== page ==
Boris Johnson tore into John Bercow this afternoon with a series of jibes as the Commons Speaker oversaw his final Prime Minister’s Questions session.
Mr Bercow is due to step down tomorrow after a decade in the chair and he was on the verge of tears as MPs paid tribute to him while his wife Sally and their three children looked on from the gallery.
Mr Johnson kicked off the session by speaking warmly about Mr Bercow’s public service.
But he could not resist delivering some pointed barbs as he noted that the Speaker had been a political ‘player’.
The PM made clear his displeasure at the way in which Mr Bercow had put himself at the centre of the Brexit battle in recent months.
Mr Johnson told MPs: ‘After 10 tumultuous years this is your last Prime Minister’s Questions.
‘As a distinguished former Wimbledon competitor, you have sat up there in your high chair, not just as an umpire ruthlessly adjudicating on the finer points of Parliamentary procedure with your trademark Tony Montana scowl.
‘Not just as a commentator, offering your own opinions on the rallies you are watching, sometimes acerbic and sometimes kind, and sometimes as a player in your own right.
‘Pounding every part of the chamber with your own forceful opinions like some tennis ball machine.’
John Bercow was visibly moved as he oversaw his final PMQs as Commons Speaker. He is due to step down tomorrow
Boris Johnson led the tributes to Mr Bercow but he could not resist a final dig at the Commons Speaker who has been a thorn in the side of the government on Brexit
Boris Johnson’s jibes at John Bercow
The Prime Minister compared the Commons Speaker to the main character in Scarface and questioned his impartiality today as John Bercow prepares to step down tomorrow.
Mr Johnson said: ‘As befits a distinguished former Wimbledon competitor, you have sat up there in your high chair not just as an umpire ruthlessly adjudicating on the finer points of parliamentary procedure with your trademark Tony Montana scowl.
‘Not just as a commentator offering your own opinions on the rallies you are watching, sometimes acerbic and sometimes kindly, but above all as a player in your own right.
‘Peppering every part of the chamber with your own thoughts and opinions, like some uncontrollable tennis ball machine, delivering a series of literally unplayable, unreturnable volleys and smashes.’
He also took aim at Mr Bercow over his Brexit interventions as he said: ‘Although we may disagree about some of the legislative innovations you have favoured, there is no doubt in my mind that you have been a great servant of this Parliament and of this House of Commons.’
Mr Johnson claimed Mr Bercow had done ‘more than anyone since Stephen Hawking to stretch time in this particular session’ to aid backbench MPs, before joking it was the ‘longest retirement since Frank Sinatra’.
Labour leader Jeremy Corbyn began his questions at PMQs by paying tribute to Mr Bercow.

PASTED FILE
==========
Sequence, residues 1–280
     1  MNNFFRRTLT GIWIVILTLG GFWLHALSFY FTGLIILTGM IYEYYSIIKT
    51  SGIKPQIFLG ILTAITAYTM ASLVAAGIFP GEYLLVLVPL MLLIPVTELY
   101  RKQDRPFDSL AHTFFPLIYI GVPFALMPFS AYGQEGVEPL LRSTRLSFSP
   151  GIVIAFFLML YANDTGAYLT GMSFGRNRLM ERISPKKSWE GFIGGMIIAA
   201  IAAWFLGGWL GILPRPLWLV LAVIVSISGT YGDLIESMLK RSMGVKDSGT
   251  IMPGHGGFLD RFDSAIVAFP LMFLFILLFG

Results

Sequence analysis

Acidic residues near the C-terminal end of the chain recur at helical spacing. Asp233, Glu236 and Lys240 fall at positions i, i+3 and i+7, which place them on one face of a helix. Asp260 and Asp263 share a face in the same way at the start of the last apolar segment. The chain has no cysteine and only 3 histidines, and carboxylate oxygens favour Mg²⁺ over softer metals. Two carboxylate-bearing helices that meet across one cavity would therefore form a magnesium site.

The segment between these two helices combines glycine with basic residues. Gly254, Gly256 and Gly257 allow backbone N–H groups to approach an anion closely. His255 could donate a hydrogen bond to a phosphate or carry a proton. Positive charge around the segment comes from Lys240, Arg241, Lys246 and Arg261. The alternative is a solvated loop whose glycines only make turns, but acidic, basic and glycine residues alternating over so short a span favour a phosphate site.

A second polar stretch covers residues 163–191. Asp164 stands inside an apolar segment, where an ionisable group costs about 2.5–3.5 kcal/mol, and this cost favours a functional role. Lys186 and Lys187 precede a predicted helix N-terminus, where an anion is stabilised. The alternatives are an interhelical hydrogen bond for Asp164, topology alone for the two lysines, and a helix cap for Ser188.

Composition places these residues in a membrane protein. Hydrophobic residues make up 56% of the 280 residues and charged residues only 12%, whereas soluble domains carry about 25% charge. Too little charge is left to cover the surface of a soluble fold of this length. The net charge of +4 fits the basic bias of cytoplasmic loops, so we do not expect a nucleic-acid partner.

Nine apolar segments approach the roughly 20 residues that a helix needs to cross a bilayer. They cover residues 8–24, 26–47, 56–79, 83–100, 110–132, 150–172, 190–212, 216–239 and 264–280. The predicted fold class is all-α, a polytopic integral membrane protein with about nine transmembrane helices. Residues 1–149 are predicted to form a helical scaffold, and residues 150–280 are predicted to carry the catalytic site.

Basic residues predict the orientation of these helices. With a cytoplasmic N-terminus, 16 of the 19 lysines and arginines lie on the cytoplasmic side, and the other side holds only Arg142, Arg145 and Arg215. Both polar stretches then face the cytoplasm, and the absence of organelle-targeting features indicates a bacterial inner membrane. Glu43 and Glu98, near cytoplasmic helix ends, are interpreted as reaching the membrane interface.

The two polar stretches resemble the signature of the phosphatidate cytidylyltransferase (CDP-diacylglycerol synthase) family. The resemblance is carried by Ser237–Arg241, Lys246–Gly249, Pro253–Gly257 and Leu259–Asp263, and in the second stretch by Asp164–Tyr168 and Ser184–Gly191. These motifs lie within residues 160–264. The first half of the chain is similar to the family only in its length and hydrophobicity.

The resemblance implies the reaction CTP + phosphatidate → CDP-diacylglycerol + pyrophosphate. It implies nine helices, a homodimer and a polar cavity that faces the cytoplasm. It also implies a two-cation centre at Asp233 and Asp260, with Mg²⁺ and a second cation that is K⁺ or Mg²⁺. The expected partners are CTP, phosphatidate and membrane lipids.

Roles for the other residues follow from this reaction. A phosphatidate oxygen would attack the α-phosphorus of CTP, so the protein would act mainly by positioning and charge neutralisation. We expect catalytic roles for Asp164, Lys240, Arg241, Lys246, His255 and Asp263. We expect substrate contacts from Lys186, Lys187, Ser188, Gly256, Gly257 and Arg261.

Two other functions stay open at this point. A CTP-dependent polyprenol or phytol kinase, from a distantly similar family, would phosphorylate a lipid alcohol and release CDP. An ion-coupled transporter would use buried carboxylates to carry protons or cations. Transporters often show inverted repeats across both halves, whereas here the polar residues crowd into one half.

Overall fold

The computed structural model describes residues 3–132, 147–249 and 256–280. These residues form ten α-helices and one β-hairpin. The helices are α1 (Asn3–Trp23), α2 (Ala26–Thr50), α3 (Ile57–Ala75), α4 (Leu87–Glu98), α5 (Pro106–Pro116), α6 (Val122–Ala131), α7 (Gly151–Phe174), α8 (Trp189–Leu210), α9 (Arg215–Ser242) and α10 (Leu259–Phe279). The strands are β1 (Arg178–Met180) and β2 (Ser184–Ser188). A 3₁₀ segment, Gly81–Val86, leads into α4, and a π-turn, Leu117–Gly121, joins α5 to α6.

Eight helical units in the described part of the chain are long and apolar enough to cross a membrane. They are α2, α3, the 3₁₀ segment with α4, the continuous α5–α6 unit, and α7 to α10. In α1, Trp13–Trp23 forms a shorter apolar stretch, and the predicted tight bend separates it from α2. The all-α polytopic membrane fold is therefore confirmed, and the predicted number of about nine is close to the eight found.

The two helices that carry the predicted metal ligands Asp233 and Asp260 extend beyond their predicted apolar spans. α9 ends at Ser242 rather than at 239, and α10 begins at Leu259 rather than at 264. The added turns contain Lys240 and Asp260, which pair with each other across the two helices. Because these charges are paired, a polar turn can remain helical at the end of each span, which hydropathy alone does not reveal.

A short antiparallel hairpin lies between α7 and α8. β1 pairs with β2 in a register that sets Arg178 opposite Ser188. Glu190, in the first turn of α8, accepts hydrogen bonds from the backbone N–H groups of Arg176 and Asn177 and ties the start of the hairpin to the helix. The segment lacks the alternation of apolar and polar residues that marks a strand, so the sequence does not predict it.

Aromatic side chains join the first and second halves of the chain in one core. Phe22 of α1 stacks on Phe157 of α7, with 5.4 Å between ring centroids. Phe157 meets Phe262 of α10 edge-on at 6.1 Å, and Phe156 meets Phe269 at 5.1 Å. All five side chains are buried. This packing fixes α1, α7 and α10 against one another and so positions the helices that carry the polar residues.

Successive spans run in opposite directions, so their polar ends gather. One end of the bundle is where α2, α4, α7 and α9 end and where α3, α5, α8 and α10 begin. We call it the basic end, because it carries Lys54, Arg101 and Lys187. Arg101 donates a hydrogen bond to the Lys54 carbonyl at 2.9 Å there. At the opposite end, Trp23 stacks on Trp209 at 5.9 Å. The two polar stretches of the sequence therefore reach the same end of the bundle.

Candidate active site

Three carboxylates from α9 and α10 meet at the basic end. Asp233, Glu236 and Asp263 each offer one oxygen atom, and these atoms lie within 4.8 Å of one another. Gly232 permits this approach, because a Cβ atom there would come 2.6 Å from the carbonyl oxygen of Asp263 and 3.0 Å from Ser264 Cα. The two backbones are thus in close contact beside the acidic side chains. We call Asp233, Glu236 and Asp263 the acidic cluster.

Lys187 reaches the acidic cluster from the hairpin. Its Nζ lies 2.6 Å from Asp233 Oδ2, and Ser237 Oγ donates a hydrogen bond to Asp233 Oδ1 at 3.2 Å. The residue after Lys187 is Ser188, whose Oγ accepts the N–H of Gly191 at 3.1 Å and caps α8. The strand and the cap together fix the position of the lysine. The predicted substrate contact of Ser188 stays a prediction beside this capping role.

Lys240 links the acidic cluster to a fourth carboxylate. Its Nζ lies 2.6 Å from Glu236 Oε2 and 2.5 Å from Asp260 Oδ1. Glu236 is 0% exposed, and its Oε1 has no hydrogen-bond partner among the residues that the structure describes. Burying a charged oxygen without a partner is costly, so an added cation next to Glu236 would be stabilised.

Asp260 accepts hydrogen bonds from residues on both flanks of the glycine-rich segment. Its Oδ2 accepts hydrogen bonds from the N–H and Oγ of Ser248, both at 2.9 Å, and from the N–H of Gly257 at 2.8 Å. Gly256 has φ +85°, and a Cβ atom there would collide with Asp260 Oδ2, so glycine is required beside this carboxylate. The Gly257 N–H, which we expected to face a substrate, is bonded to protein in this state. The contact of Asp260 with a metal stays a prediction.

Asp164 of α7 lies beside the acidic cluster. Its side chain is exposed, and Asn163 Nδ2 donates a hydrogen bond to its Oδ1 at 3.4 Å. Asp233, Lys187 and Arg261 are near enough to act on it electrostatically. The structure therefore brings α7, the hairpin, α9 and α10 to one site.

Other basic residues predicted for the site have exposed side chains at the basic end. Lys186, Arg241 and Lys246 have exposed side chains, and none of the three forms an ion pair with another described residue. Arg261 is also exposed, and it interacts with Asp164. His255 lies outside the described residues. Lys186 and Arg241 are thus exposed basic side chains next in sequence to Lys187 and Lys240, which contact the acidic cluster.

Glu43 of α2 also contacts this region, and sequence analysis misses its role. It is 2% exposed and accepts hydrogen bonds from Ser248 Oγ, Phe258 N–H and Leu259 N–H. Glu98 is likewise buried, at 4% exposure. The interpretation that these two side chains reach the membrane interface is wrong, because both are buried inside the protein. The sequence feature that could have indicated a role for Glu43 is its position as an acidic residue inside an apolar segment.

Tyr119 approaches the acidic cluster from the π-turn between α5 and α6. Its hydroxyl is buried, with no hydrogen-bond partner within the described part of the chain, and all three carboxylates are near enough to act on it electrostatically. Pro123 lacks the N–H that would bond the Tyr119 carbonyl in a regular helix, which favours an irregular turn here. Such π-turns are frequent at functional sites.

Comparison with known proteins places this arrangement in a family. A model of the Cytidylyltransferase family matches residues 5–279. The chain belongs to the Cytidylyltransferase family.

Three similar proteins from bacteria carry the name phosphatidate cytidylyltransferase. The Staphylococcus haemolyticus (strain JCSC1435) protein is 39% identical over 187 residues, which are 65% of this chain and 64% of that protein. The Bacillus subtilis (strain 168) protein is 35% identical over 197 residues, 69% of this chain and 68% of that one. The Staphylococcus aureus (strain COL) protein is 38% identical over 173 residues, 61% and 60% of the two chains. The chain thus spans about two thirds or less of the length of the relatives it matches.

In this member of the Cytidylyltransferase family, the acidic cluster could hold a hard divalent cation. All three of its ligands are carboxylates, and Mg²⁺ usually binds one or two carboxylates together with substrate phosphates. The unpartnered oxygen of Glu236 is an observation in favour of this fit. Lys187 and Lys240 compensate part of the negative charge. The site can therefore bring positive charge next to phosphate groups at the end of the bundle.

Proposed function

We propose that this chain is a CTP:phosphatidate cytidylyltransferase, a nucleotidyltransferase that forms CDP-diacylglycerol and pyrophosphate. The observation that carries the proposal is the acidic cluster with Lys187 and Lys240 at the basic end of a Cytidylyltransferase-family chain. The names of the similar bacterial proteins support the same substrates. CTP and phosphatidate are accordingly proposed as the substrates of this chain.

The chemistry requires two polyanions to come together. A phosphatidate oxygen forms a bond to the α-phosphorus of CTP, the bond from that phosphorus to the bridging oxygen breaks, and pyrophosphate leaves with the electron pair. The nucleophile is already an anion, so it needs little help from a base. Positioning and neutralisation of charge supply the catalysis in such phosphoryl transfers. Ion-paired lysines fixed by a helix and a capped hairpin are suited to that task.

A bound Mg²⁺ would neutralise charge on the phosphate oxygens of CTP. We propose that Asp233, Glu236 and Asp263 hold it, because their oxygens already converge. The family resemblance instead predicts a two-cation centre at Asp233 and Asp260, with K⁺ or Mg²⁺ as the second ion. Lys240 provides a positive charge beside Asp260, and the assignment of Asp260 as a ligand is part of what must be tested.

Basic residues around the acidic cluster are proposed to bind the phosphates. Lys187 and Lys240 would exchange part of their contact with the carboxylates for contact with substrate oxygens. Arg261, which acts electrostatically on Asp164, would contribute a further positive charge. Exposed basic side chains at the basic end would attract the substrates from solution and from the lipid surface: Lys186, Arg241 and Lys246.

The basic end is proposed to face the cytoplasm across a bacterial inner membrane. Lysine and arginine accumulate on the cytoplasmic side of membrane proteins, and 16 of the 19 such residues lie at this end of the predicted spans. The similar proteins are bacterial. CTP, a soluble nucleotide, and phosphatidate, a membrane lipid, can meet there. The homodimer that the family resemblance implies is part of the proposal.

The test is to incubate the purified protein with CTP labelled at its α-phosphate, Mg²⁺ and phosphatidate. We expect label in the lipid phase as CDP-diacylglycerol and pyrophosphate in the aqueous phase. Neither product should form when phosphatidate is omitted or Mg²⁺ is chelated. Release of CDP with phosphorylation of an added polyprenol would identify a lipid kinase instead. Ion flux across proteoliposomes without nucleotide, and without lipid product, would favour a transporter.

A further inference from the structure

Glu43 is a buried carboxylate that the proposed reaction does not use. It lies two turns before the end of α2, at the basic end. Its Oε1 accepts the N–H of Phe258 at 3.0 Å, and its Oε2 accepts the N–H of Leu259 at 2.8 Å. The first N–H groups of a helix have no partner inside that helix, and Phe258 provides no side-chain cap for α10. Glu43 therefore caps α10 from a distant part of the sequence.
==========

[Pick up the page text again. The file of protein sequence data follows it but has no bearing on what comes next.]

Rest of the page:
Mr Corbyn said: ‘I want to thank you Mr Speaker for the way that you’ve used your speakership in the decade-long tenure you’ve had.
‘You’ve done so much to reform this House of Commons and our democracy is the stronger for the way that you’ve done it.’
He also joked: ‘You’ve served for ten years, you’ve given real power to backbenchers, vastly expanded the use of urgent questions which has been overwhelmingly popular with all government ministers.
‘And opened up the number of emergency debates, which is even more popular with even more government ministers.’
Father of the House and former Tory chancellor Ken Clarke also praised Mr Bercow.
He said: ‘During your decade, there have been unprecedented attempts really to try to, at times, increase the power of the Executive at the expense of this Parliament.
‘You have been very formidable in maintaining the duty of government to be accountable to this House.
‘I trust your successor will try to live up to your very considerable achievement.’
Mr Bercow said Mr Clarke is ‘one of the most popular and respected politicians in our country’.
Jeremy Corbyn told Mr Bercow: ‘You’ve done so much to reform this House of Commons’
The Speaker’s voice cracked with emotion as he paid tribute to former staff and his family.
He said his family have displayed ‘support, stoicism and fortitude through thick and thin’ during the last decade.
Mr Bercow said he would ‘never forget it and I’ll always be grateful for it’ as MPs applauded.
Today’s PMQs session was the longest ever as Mr Bercow allowed proceedings to last for 71 minutes.
In September Mr Bercow announced his intention to step down on October 31.
There had been speculation that he could stay on as Commons Speaker after the UK’s departure from the EU was delayed.
But he is due to walk away from the role tomorrow with the election of his successor scheduled to take place on Monday next week before Parliament is dissolved for the December 12 general election.